From Segreation to Integration:


tiger jagsm

In an attempt to write the full history of Covington High School, an interview with Mrs. Elzy was staged at the new Covington High on Tuesday, September 25, 2007 in order to learn more about the segregated black high school that combined with Covington High School during the forced integration period in 1970.

Mrs. Elzy is from New Iberia, but she moved to Covington, Louisiana in order to teach English and French at the all black school. She first taught at Rosenwall, then at Pine View High School, and later at Covington High School.

Mrs. Elzy has attened many colleges including Xavier, Grambling, USL, and Southeastern. She majored in English and French, but said she always enjoyed the philosophical and psychological classes that were offered at the universities.

It is her belief that the teachers at Pine View and Rosenwall were not strict to overbearing, but they did demand a certain criteria. Her example was homework. A student had to complete his homework no matter what. If he had a broken arm, then he would use his other arm to do it. The homework had to be done by the student no matter what.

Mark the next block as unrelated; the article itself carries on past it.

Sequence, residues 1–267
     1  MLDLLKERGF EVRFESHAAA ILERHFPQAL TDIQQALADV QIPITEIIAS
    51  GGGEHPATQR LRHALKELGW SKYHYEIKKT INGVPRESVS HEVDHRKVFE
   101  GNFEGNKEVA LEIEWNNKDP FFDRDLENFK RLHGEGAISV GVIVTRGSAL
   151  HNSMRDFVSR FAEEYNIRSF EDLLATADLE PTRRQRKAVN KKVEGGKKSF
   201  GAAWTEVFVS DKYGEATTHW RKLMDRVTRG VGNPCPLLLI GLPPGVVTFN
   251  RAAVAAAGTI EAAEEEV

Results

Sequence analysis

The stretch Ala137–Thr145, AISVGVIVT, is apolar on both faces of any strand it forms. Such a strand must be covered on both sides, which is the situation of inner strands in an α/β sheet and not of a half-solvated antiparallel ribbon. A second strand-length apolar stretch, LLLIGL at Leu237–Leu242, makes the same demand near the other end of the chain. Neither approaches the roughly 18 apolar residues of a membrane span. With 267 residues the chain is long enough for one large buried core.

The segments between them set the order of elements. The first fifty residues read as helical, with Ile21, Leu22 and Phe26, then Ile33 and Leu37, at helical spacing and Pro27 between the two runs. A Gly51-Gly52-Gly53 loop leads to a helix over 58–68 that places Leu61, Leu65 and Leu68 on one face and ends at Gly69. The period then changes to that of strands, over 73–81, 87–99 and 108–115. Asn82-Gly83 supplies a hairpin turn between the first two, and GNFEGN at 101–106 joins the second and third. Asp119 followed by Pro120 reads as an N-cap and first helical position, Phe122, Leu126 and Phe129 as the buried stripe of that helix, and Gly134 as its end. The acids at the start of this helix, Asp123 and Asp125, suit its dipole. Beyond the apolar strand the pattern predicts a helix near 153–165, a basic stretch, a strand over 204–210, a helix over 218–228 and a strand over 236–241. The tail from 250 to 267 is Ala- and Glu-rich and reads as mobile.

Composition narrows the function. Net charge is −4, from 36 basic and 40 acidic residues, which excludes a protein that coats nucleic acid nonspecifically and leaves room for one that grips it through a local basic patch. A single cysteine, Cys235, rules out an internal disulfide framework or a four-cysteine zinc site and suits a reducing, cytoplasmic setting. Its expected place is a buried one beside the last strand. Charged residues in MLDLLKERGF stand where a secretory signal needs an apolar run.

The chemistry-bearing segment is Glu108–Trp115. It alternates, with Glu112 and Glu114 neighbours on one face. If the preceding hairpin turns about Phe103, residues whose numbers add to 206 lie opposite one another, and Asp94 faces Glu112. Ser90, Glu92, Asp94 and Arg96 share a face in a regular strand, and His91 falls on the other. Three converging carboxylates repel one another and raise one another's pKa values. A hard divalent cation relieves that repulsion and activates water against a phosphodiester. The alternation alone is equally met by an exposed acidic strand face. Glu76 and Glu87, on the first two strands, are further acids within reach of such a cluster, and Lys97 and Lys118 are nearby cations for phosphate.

World events that took place in the 1960's included President Nixon being sworn in as the 37th President because of Lyndon B. Johnson's resignation. Also in this era, the Vietnam War and the My Lai Massacre occurred. As the Vietman war was in motion, President Nixon went to South Vietnam for an unscheduled meeting with President Nguyen Van Thieu. It was claimed that the South Vietnamese government was nothing more than an American Puppet. Without American support the Thieu government could not survive. The My Lai Massacre included the mass murders of approximately 347 to 504 Vietnamese citizens.

During the time of segregation before black and white students at Covington High were combined, they were segregated by two different schools. The whites attended Covington High while the blacks attended Rosenwall. The black campus was co-educational until the schoolboard in 19** decided to try segregation of the sexes; whereupon, the schoolboard opened Pine View High for the female students. Although female students attended the new school, males continued to go to Rosenwall. In 1965 the schoolboard determined segregation of the sexes was not the way to go, so the student body once again became co-ed, but this time at PineView High School.